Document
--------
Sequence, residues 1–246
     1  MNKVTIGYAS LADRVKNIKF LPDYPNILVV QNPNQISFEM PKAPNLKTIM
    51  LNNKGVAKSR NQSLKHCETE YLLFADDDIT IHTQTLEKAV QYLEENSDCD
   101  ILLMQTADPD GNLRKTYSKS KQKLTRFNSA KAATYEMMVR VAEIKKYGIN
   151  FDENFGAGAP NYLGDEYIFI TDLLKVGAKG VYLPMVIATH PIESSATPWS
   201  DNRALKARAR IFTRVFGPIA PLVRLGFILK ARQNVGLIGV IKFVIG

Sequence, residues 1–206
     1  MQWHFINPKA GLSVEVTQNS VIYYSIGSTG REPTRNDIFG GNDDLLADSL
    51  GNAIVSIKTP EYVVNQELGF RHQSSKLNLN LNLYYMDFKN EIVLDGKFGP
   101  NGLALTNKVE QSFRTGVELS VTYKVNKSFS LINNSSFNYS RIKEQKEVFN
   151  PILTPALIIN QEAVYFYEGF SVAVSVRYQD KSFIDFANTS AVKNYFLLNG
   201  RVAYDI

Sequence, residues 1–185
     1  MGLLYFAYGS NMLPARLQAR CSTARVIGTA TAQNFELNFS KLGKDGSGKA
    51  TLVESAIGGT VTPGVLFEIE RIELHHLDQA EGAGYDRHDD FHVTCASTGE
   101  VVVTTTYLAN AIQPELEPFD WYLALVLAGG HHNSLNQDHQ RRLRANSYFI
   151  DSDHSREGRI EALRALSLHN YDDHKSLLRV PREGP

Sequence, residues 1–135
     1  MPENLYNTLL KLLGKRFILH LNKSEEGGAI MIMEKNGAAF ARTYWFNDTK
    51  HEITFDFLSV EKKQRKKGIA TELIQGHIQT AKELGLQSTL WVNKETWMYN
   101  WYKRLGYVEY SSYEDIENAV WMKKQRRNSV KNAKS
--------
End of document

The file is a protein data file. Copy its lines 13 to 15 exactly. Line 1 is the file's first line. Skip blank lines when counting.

Sequence, residues 1–185
     1  MGLLYFAYGS NMLPARLQAR CSTARVIGTA TAQNFELNFS KLGKDGSGKA
    51  TLVESAIGGT VTPGVLFEIE RIELHHLDQA EGAGYDRHDD FHVTCASTGE